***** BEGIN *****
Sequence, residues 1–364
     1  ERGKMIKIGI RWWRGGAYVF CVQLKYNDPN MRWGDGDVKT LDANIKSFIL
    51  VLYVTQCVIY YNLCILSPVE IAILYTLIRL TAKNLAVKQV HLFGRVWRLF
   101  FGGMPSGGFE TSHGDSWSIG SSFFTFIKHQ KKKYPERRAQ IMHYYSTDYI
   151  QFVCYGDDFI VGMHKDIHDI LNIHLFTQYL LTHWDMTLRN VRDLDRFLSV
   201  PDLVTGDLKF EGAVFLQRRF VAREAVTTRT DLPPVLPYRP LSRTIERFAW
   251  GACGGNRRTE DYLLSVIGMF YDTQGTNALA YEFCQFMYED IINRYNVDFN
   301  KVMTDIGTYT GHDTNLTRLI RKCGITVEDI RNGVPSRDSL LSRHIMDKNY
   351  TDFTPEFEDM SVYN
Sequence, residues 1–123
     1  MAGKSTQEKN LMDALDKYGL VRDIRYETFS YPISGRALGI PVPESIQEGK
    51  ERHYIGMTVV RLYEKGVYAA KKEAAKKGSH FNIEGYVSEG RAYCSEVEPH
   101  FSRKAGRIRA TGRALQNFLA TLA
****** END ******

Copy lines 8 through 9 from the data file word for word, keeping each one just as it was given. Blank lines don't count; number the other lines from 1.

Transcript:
   301  KVMTDIGTYT GHDTNLTRLI RKCGITVEDI RNGVPSRDSL LSRHIMDKNY
   351  TDFTPEFEDM SVYN